Afanasy insisted on the fact that by registration of the mark, FIFA is trying to monopolise use of the elements Russia and 2018 and therefore was abusing the exclusive right. To the contrary, the registration of the contested mark should not be considered as abuse of rights as there is no decision by the Russian component bodies confirming such abuse. The mark is registered as a whole and FIFA was not trying to monopolise use of the word Russia and the numeral 2018 separately from each other, but merely aimed at protecting a designation that identifies the FIFA World Cup tournament. Therefore, the legal monopoly in relation to the mark as a whole shall not prevent any party from using the elements in isolation in a descriptive manner during their commercial activity.

The misleading ground for opposition was based on the fact that the subject trade mark incorporates the word Russia whereas its owner originates from Switzerland. Afanasy’s statement was not well grounded as the subject trade mark is intended to be used in connection with the FIFA World Cup held in Russia. The event was widely covered by the Russian media and, hence, the accompanying trade mark Russia 2018 – being the official symbol of FIFA – is strongly associated with its owner, FIFA. Therefore, consumers cannot be misled as to the place of origin of the applied goods and services. Besides, the opponent failed to produce any evidence of prior intensive and longstanding use of a similar mark for similar goods/services by other enterprises in Russia which could potentially serve a basis for arguing that at the priority date the contested trade mark was associated in the consumer’s mind with a different entity. On the contrary, internet searches clearly confirm that the contested mark is used in connection with the FIFA World Cup 2018 that took place in Russia. The contested mark is officially recognised to be an official FIFA symbol of the FIFA World Cup 2018 which is inextricably linked to Russia as the host country and therefore consumers in Russia are well aware of this event and the accompanying signs. They were not misled as to the origin of goods and services.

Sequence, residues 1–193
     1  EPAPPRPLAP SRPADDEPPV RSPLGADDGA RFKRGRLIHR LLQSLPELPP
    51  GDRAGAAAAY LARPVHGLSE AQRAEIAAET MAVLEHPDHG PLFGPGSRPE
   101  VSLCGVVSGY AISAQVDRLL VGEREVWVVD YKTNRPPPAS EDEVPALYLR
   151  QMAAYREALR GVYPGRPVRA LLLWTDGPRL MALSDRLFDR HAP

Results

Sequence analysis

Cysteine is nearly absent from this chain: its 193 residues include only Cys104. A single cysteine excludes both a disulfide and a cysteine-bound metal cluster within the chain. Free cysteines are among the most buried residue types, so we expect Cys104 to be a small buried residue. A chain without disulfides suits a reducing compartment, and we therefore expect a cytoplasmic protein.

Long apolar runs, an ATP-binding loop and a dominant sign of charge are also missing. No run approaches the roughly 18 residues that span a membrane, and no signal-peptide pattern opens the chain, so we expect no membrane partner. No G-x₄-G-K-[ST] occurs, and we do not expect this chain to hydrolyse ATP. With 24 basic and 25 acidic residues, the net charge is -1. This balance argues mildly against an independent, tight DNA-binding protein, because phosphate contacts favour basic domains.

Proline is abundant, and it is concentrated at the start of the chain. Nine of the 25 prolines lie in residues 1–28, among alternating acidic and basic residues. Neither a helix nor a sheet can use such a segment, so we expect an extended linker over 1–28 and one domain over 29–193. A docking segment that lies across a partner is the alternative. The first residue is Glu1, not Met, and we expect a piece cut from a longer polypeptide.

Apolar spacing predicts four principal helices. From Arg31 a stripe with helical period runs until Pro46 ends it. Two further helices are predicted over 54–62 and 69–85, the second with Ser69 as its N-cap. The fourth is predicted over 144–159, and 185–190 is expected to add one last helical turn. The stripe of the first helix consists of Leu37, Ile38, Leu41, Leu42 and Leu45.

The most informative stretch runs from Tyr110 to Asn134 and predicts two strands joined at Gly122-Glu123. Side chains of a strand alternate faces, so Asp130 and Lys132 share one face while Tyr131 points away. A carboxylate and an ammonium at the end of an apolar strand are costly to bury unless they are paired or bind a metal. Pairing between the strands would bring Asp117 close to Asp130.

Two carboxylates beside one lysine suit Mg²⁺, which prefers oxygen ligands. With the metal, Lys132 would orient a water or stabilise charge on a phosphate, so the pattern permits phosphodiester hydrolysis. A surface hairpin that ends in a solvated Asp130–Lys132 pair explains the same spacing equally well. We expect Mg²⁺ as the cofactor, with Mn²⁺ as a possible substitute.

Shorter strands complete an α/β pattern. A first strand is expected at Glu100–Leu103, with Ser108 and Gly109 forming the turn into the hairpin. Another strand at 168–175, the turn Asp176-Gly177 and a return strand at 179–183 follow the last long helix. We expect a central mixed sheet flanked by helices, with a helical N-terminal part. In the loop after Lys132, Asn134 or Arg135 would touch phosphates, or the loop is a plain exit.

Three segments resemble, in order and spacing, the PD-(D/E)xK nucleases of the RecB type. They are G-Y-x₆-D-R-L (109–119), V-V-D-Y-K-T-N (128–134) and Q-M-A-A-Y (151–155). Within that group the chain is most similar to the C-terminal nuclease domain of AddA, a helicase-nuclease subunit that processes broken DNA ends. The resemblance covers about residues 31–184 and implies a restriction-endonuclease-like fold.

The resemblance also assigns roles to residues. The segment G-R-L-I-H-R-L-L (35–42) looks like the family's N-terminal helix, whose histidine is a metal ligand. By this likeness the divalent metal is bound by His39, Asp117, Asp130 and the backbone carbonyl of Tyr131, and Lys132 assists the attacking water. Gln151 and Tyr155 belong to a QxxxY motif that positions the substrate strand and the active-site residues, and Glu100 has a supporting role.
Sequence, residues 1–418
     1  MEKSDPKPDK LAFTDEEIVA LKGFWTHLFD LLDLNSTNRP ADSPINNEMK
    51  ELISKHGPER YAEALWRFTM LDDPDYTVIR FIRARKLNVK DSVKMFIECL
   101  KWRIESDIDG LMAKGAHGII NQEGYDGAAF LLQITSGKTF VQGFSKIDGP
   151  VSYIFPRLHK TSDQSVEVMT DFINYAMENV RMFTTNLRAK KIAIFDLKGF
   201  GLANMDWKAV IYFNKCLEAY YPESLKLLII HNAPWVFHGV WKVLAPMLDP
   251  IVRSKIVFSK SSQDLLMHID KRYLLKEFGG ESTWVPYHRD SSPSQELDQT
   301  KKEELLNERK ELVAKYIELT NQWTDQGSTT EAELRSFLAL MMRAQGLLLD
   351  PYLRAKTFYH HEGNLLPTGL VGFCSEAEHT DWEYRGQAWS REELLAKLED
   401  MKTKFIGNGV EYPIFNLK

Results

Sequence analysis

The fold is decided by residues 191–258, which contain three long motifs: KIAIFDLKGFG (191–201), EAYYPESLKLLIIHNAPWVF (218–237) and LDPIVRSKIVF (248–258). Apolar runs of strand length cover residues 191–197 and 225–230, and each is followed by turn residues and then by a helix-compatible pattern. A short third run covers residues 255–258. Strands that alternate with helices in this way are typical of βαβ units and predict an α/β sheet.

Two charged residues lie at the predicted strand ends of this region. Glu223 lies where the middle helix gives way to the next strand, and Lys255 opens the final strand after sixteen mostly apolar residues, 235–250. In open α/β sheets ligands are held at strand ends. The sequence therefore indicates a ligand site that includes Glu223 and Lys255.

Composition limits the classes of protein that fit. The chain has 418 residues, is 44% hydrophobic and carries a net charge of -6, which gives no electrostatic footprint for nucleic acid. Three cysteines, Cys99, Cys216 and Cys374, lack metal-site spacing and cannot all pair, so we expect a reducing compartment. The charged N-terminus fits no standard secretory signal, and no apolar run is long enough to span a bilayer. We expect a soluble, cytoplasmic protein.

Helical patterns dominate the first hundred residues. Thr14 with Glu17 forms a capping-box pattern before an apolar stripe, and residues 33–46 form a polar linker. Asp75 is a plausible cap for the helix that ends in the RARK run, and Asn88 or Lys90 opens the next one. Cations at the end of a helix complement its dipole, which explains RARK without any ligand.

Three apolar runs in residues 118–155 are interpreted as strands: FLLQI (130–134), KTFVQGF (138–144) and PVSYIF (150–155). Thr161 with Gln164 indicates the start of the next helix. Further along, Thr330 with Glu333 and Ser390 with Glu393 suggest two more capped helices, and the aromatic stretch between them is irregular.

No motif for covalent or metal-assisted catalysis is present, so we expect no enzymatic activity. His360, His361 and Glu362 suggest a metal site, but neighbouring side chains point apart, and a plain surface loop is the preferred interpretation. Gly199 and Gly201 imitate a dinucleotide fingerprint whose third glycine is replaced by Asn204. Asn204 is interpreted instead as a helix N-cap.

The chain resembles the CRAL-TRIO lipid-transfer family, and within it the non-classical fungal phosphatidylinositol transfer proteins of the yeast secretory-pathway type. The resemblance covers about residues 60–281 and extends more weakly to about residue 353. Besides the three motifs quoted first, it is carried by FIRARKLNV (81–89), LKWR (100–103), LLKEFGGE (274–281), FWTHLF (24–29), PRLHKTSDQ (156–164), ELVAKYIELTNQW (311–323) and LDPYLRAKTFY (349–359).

Furthermore, the mark is distinctive enough due to the fact that the mark must be viewed as a whole. If considered in such a way, it is associated with a particular FIFA event that took place in Russia in 2018. That event and its official symbols, including Russia 2018, were extensively covered by the Russian and international media and promoted in Russia for a long time. They therefore have acquired additional distinctiveness among Russian consumers.

Last but not least, the contested mark is one of the official symbols recognised and enjoying protection in Russia by virtue of the unique Russian Federal Law on FIFA World Cup 2018. The law in particular establishes FIFA’s exclusive right in such sign. Registration of the contested mark is aimed at protecting one of the main official symbols of the World Cup 2018 organised by FIFA and reputation of Russia as a host country of this event.

As a result of consideration of the invalidation action, the panel of examiners of the chamber for patent disputes of the Russian patent and trade mark office decided that the trade mark meets the requirements established by the law, that the legal protection of the trade mark should be left in force and that the invalidation action should be dismissed totally.

Share:
Back